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Air Departure Tax (Scotland) Act 2017

Part 2 – Key Concepts

11.Part 2 defines the concepts that are fundamental to the operation of the tax: in particular, defining who is a chargeable passenger and which aircraft are chargeable aircraft. Other terms are defined elsewhere in the Act, either in the section in which a term is used or in the general interpretation section (section 44). An index of all terms and expressions that are defined or otherwise explained in the Act can be found in schedule 3.

Section 2 – Meaning of chargeable passenger

12.The effect of this section is that every person carried on a flight that begins in Scotland is a chargeable passenger, unless the person is working during the flight or qualifies for an exemption as a non-chargeable passenger. Some exemptions are set out in sections 3 to 7. Further exemptions may be set, or existing exemptions modified or removed, by regulations made under section 15.

13.For a person to be treated as working during a flight, the person must be carried on the flight for the sole purpose of carrying out an activity described in section 2(2) during the flight. The activities described in section 2(2)(a), (b) and (d) are self-explanatory. Section 2(2)(c) covers work relating to the safety or security of the aircraft or of passengers or goods carried on the aircraft, and includes escorting a passenger or goods. Not all persons who escort a passenger or goods on a flight would be considered to be working during the flight. The paragraph must be read in its context, which requires that the person is carried for the sole purpose of carrying out the activity in relation to the flight. Persons whose work escorting a person or goods continues after the flight, or whose work has no connection with the aircraft operator, would not be considered to be working during the flight for the purpose of this section: for example, a teacher accompanying students on a school trip or a courier delivering diplomatic documents.

Section 3 – Passengers not carried for reward

14.This section creates a tax exemption for the carriage of a passenger who is carried for no reward in the circumstances specified in section 3(2).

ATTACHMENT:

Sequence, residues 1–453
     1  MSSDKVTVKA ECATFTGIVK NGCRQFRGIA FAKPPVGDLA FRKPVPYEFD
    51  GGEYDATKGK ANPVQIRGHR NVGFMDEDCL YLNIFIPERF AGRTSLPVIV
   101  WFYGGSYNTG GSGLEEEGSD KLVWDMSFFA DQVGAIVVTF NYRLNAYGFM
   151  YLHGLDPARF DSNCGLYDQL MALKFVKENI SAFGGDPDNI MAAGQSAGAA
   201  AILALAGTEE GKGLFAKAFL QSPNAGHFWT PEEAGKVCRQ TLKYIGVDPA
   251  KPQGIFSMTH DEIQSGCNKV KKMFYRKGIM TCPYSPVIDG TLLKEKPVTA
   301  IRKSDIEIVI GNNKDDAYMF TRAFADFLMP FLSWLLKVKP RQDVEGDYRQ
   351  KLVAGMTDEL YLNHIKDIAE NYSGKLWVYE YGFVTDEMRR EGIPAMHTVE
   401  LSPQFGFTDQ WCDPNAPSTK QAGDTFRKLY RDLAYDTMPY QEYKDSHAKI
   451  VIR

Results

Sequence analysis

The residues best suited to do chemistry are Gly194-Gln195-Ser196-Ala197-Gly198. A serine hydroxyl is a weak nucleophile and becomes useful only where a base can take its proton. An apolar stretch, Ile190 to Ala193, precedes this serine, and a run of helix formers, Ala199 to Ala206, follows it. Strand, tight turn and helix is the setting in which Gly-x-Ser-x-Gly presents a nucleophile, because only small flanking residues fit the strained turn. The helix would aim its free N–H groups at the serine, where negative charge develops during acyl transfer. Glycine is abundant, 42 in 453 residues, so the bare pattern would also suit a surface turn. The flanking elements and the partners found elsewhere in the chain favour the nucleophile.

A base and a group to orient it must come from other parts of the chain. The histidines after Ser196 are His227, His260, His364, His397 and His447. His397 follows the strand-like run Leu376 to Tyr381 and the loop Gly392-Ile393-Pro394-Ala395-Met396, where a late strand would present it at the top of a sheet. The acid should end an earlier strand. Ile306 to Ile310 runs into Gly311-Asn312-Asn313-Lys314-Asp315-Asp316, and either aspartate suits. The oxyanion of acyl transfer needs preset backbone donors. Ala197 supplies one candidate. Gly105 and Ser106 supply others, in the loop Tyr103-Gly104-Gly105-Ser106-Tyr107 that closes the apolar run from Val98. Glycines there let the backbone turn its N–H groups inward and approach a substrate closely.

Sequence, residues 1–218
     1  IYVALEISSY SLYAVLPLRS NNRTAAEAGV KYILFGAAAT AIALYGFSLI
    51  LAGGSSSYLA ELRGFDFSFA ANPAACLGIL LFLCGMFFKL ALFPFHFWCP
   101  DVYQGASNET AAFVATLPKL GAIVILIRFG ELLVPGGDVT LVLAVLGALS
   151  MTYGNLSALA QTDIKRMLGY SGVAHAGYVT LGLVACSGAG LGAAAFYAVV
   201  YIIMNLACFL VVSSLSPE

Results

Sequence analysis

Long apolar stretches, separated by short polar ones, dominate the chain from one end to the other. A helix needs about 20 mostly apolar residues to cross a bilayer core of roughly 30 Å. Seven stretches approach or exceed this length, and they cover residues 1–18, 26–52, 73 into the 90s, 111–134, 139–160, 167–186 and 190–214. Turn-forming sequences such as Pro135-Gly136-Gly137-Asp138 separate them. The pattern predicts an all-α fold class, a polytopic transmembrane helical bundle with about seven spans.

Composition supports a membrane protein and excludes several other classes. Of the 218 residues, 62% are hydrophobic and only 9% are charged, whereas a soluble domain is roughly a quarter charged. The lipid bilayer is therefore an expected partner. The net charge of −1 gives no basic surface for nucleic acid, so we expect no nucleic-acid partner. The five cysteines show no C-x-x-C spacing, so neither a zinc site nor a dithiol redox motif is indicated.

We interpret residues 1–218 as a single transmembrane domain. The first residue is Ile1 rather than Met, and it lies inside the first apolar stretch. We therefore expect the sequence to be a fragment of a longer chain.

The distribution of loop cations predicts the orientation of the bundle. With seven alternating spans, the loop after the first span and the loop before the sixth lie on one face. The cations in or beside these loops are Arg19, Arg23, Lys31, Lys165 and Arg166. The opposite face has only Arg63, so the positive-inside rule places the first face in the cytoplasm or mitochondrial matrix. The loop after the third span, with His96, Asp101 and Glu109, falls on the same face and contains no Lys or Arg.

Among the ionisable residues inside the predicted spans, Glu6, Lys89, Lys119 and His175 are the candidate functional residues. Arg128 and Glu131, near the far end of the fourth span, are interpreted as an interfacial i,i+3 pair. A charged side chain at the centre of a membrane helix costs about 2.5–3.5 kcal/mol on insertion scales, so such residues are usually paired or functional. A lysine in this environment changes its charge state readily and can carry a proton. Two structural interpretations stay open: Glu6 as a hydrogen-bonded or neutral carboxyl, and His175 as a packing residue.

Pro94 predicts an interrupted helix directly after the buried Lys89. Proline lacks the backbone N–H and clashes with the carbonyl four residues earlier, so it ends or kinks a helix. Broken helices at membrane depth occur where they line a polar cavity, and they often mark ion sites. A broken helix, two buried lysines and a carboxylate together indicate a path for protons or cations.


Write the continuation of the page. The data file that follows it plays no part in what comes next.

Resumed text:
15.The circumstances described in section 3(2)(a) and (b) are self-explanatory. The circumstances described in section 3(2)(c) and (d) are intended to enable aircraft operators, without incurring tax, to position their staff before or after they work on any aircraft. The following table provides some examples.

ExampleTax outcome

Example 1 (pre-work positioning)

An aircraft engineer located in Edinburgh is needed to work on an aircraft located at London Heathrow, and is flown from Edinburgh to Heathrow as a passenger.

No ADT is payable. Under section 3(2)(c), the engineer is a non-chargeable passenger. The exemption is subject to two conditions: there must be no fare or other reward paid for the carriage of the passenger, and the flight must land at Heathrow no earlier than 72 hours before the engineer’s work on the aircraft begins.

Example 2 (post-work positioning)

A cabin attendant whose home base is in London works on a flight from Copenhagen to Edinburgh, and is flown from Edinburgh to London Stansted as a passenger.

No ADT is payable. Under section 3(2)(d), the cabin attendant would be a non-chargeable passenger on a flight from Edinburgh to any London airport. The exemption is subject to two conditions: there must be no fare or other reward paid for the carriage of the passenger, and the flight must depart Edinburgh no later than 72 hours after the passenger finishes his or her shift as a cabin attendant on the Copenhagen to Edinburgh flight.
Section 4 – Passengers under the age of 16

16.This section creates tax exemptions for the carriage of persons under the age of 16. Children under the age of two on the departure date of the flight are always non-chargeable passengers, unless they are allocated their own seat before boarding. Children under the age of 16 on the departure date of the flight are non-chargeable passengers only if they have tickets for standard class travel for all the flights covered by their agreement for carriage. The definitions of agreement for carriage and standard class travel are set out in sections 12 and 14 respectively.

Section 5 – Passengers carried on connected flights

17.Section 5 provides a tax exemption for the carriage of passengers who are travelling on connected flights, but only in relation to the second or any subsequent connected flight. Schedule 1 sets out the rules for determining which flights are to be treated as connected for ADT purposes. The rules prescribe maximum connection times between flights: 24 hours if connecting to an international flight and either six, 10 or 17 hours for connecting to a domestic flight, depending on what time of day the preceding flight is scheduled to arrive. The rules also prescribe that the flights must be covered by the same agreement for carriage (and for that definition, see section 12(2)).

18.The status of the passenger (chargeable or non-chargeable) on the first connected flight, and the status of the aircraft used for that flight (chargeable or non-chargeable), determines whether tax is chargeable, and at what rate, for the carriage of the passenger on the whole series of connected flights (see section 16). For example:

  • if the passenger is a non-chargeable passenger on the first connected flight, or if that flight is on a non-chargeable aircraft, no tax will be incurred for any of the connected flights;